Cover image for Pure drivel
Pure drivel
Martin, Steve, 1945-
Personal Author:
[Large print edition].
Publication Information:
Thorndike, Me. : G.K. Hall, 1999.

Physical Description:
216 pages (large print) ; 23 cm.
Format :


Call Number
Material Type
Home Location
Item Holds
PS3563.A7293 P87 1998B Adult Large Print - Floating collection Floating Collection - Large Print

On Order



Steve Martin's talent has always defied definition: an actor who's kept us riveted for 25 years, a razorsharp screenwriter, and an acclaimed playwright. In this hilarious collection of riffs, those who thought Martin's gifts were confined to the screen will discover that Martin is also a master of the written word. With a playwright's ear for dialogue, a keen sense of irony, and first-class comic ability, Pure Drivel will have readers crying with laughter.

Author Notes

Steve Martin was born on August 14, 1945 in Waco, Texas. He studied at Long Beach State College. He has acted in such films as The Jerk; Roxanne; Planes, Trains and Automobiles; Bowfinger; Father of the Bride; Cheaper by the Dozen; and Shopgirl, which was adapted from a novel he wrote. He has won an Emmy for his comedy writing and Grammies for his comedy albums. He has made several appearances on The Tonight Show and Saturday Night Live.

He has written several books including Shopgirl, Cruel Shoes, Pure Drivel, The Pleasure of My Company, and An Object of Beauty. He also wrote a play entitled Picasso at the Lapin Agile and a memoir entitled Born Standing Up. During the 1990s, he wrote various pieces for The New Yorker. In 2002, he adapted the Carl Sternheim play The Underpants, which ran Off-Broadway at Classic Stage Company and in 2008, co-wrote and produced Traitor. In 2013 he published a memoir entitled Born Standing Up: A Comic's Life. This book tells the story of his beginnings as a magician and comedian at a young age and follows through his career lifetime.

(Bowker Author Biography)

Reviews 2

Booklist Review

Like Woody Allen, Martin expresses his intelligent, innovative, and self-conscious humor in many forms, including the written word. The short essays, conversations, and proclamations collected here are relayed in a slyly deadpan Valley voice that belies the coiled craziness of their content. Martin also brings his gift for comedic timing to these creations, setting a quirky beat that perfectly sets off their ironic wiles. The laugh-out-loud funniest pieces have a vivid physicality to them, such as "Side Effects," a hilarious takeoff on the precautions accompanying prescription drugs, while the most complex works offer witty commentary on the esotericism of science, the pretension of art, and the act of writing itself. The last gave rise to the delectable "Times Roman Font Announces Shortage of Periods," in which even the typography is amusing. Martin gets in some quick jabs at the absurdities of Washington, D.C., tells a tale from a dog's perspective, and pokes fun at Mensa, always crafting prose as notable for its meticulousness as for its drollery. And then he turns all but poetic in a piece about a "New York writer . . . forced to visit Los Angeles," a story that turns into a bittersweet and unexpectedly moving defense of his almost-beautiful, ever-hopeful city against its harshest critics. --Donna Seaman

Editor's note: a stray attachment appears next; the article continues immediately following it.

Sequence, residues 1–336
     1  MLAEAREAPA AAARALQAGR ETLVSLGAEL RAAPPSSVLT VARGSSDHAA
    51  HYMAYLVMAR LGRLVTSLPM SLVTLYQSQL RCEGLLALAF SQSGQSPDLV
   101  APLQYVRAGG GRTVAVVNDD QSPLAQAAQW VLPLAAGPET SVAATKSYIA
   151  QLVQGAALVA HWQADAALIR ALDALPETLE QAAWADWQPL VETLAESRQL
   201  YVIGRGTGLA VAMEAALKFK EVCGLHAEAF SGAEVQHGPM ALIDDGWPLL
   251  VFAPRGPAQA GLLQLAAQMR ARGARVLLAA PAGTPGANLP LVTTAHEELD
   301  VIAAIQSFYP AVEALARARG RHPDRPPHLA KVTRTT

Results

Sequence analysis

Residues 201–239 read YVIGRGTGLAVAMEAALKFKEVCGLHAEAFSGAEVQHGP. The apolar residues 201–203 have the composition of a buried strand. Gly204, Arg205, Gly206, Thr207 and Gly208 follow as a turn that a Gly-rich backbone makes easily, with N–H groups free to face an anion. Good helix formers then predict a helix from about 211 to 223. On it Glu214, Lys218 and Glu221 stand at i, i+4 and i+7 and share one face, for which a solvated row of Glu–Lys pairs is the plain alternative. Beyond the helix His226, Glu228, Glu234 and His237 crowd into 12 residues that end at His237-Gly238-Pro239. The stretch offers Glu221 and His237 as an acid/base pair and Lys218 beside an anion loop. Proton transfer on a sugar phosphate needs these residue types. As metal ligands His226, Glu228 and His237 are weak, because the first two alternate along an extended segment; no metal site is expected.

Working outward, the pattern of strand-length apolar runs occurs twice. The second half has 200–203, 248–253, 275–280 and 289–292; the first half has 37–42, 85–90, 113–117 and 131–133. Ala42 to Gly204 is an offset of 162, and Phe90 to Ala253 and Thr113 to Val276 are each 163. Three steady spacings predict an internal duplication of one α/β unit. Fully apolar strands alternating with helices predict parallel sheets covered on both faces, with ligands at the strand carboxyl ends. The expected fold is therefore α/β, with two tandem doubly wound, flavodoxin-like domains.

Publisher's Weekly Review

These short humor pieces, many of which first appeared in the New Yorker, represent a mixed bag. While actor/ comedian/writer Martin consistently comes up with clever lines, his conceits soar only about as often as they peter out. His opening offer, "A Public Apology," takes the politician's mea culpa to deadpan, ridiculous heights: "I had sex with a hundred-and-two-year old male turtle. It would be hard to argue that it was consensual." But the next piece, "Writing is Easy!" contains such clunkers as "Naked Belligerent Panties" as a recommended topic for up-and-coming writers. Martin's zones of inquiry include science, language, show biz and, of course, mating. Among the stand-outs: "Dear Amanda" recounts the belles lettres of mannerly stalker; "Taping My Friends" trips into a paranoid universe; "I Love Loosely" brings Lucy & Ricky to the "oral sex isn't sex debate;" and "Artist Lost to Zoloft" laments how pharmaceuticals affect the avant-garde. But the title piece (okay, it's just called "Drivel"), which concerns a duo linked by hyper-conscious irony, shows Martin straining for laughs. (Sept.) (c) Copyright PWxyz, LLC. All rights reserved

Table of Contents

A Public Apologyp. 1
Writing Is Easy!p. 5
Yes, in My Own Backyardp. 13
Changes in the Memory after Fiftyp. 18
Mars Probe Finds Kittensp. 22
Dear Amandap. 26
Times Roman Font Announces Shortage of Periodsp. 30
Schrodinger's Catp. 34
Taping My Friendsp. 38
The Nature of Matter and Its Antecedentsp. 42
The Sledgehammer: How It Worksp. 46
The Paparazzi of Platop. 50
Side Effectsp. 54
Artist Lost to Zoloftp. 58
How I Joined Mensap. 62
Michael Jackson's Old Facep. 67
In Search of the Wily Filipinop. 70
Bad Dogp. 74
Hissy Fitp. 79
Drivelp. 86
I Love Looselyp. 90
Lolita at Fiftyp. 93
The Hundred Greatest Books That I've Readp. 100
Closurep. 106
The Y3K Bugp. 109
A Word from the Wordsp. 112